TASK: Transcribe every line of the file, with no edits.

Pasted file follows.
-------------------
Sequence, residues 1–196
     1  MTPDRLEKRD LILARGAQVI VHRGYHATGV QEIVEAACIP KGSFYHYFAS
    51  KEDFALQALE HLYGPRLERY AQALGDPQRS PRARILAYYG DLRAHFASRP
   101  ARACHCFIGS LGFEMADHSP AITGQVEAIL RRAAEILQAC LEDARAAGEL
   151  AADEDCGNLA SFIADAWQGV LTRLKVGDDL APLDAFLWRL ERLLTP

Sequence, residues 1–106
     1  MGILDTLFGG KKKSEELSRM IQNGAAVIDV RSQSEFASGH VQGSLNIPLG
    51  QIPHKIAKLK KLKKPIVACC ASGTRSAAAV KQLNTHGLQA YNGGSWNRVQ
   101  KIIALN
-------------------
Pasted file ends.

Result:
Sequence, residues 1–196
     1  MTPDRLEKRD LILARGAQVI VHRGYHATGV QEIVEAACIP KGSFYHYFAS
    51  KEDFALQALE HLYGPRLERY AQALGDPQRS PRARILAYYG DLRAHFASRP
   101  ARACHCFIGS LGFEMADHSP AITGQVEAIL RRAAEILQAC LEDARAAGEL
   151  AADEDCGNLA SFIADAWQGV LTRLKVGDDL APLDAFLWRL ERLLTP

Sequence, residues 1–106
     1  MGILDTLFGG KKKSEELSRM IQNGAAVIDV RSQSEFASGH VQGSLNIPLG
    51  QIPHKIAKLK KLKKPIVACC ASGTRSAAAV KQLNTHGLQA YNGGSWNRVQ
   101  KIIALN